Defending the Bible is at times, tough, and there are times that we simply do not have the answers to the questions people ask. These situations create problems, especially if we respond with simply ‘Because the bible said so,’ or ‘Just believe.’ To those that are needing answers, these comebacks rarely provide help. Paul told us to always provide a good answer, and to be ready in an instant to do so. Granted, I find it difficult at best to amend myself to Paul’s demands, but I am trying. One of the issues that we face with an unbelieving world is biblical inerrancy. I believe that every word in our bibles came from the breath of God, but does this then disallow text criticism?
I am not going to get into that here; however, this past week, one my favorite bloggers posted something that, although I may at times disagree with, gives a biblical response – reasoned, rational, and within the scope of biblical inerrancy – to a question concerning the authorship of Deuteronomy. You and I may disagree with him, but his style of answer is biblically based, which is more than ‘Because the bible said so.’
I encourage you to read it, whether or not you agree with his outcome, and at the very least appreciate the manner in which he answers.
PROBLEM: According to this verse, “these are the words which Moses spoke.” However, many biblical critics claim that Deuteronomy was written in the third century B.C., many centuries after Moses’ time.
The Bible is still the word of God even if Moses did not write the book of Deuteronomy. One can be an evangelical Christian and still accept biblical criticism. Thus, any attempt at defending the Bible should deal with the text in its entirety and deal with the problems of the text with integrity.
I emphasized the text in order to show how the writers explain the problem of Deuteronomy 1:1. However, what they failed to do was to cite the remainder of the text. Here is how the text reads in its entirety:
“These are the words that Moses spoke to all Israel beyond the Jordan — in the wilderness, on the plain opposite Suph, between Paran and Tophel, Laban, Hazeroth, and Di-zahab” (Deuteronomy 1:1 NRSV).
The words in italics are the words the authors quoted; the words in bold are the ones they omitted.
The expression “beyond the Jordan” means in this context “east of the Jordan.” Since Moses never crossed the Jordan River, the words in bold were written by someone who lived on the west side of the Jordan.
If Moses had written Deuteronomy 1:1 the text probably would say: “These are the words I spoke to all Israel” or “These are the words I spoke to Israel in the wilderness.” However, since the writer was on the west side, he said that Moses spoke these words while he was on the east side of the Jordan.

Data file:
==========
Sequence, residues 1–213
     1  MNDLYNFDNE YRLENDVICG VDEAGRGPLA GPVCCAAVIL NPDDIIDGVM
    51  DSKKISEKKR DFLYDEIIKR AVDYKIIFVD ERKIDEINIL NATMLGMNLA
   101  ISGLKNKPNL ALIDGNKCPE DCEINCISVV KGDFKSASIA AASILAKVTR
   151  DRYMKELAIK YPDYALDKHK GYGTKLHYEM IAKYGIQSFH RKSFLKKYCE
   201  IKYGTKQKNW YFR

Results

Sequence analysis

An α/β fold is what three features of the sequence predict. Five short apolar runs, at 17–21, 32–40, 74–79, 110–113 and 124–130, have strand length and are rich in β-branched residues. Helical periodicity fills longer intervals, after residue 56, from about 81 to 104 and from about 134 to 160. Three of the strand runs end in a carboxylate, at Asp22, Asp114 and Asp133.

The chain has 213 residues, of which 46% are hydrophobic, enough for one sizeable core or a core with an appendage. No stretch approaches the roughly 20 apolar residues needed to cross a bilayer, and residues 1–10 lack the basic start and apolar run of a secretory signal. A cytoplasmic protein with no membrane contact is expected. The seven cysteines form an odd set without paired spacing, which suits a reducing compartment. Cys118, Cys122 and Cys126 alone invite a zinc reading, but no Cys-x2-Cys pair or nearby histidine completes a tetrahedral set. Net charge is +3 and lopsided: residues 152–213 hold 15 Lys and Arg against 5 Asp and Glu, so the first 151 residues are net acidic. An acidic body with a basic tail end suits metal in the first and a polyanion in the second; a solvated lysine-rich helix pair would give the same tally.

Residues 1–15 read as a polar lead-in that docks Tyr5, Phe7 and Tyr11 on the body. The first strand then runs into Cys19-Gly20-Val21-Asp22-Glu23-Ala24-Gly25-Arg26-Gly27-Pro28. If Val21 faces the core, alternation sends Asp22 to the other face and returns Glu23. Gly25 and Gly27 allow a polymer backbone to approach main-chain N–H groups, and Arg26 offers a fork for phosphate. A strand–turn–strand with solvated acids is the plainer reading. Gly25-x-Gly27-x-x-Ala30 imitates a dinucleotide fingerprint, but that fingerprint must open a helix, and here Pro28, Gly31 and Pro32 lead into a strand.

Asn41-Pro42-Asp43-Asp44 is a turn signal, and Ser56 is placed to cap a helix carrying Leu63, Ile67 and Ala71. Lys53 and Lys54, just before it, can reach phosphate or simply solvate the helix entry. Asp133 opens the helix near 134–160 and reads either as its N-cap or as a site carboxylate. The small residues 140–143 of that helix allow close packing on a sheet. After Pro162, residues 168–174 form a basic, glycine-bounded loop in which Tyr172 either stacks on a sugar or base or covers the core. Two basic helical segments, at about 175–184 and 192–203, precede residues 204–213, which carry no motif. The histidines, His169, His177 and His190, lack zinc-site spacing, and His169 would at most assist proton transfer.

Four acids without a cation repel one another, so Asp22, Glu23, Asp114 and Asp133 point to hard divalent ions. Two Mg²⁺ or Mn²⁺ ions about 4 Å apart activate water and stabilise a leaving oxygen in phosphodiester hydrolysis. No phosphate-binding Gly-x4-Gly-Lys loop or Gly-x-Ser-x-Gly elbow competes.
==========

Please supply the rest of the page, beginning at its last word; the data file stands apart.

This is how the versions understand the meaning of Deuteronomy 1:1:
RSV: “These are the words that Moses spoke to all Israel beyond the Jordan in the wilderness.”
NASB: “Across the Jordan.”
NIV, GNB: “east of the Jordan.”
ASV, JPS: “Beyond the Jordan.”
LXX: “on the other side of”
There are other examples of the same Hebrew word referring to the east side of the Jordan. For instance, in Deuteronomy 3:25 Moses said to God: “Let me cross over to see the good land beyond the Jordan, that good hill country and the Lebanon.” Moses was on the east side and he wanted to go to the west side, that is, “beyond the Jordan.”
In Joshua 1:14-15, Joshua (who was already on the west side of the Jordan) spoke to the Transjordanian tribes: “Your wives, your little ones, and your livestock shall remain in the land that Moses gave you beyond the Jordan. But all the warriors among you shall cross over armed before your kindred and shall help them, until the LORD gives rest to your kindred as well as to you, and they too take possession of the land that the LORD your God is giving them. Then you shall return to your own land and take possession of it, the land that Moses the servant of the LORD gave you beyond the Jordan to the east.”
All translations agree that the Hebrew word translated “beyond” means “on the other side.” All translations have similar reading, except the King James Version. The KJV reads: “These be the words which Moses spake to all Israel on this side of the Jordan in the wilderness” (Deuteronomy 1:1). The translators of the King James Version believed that Moses wrote Deuteronomy, so they tried to harmonize the translation of the text with their view of Mosaic authorship.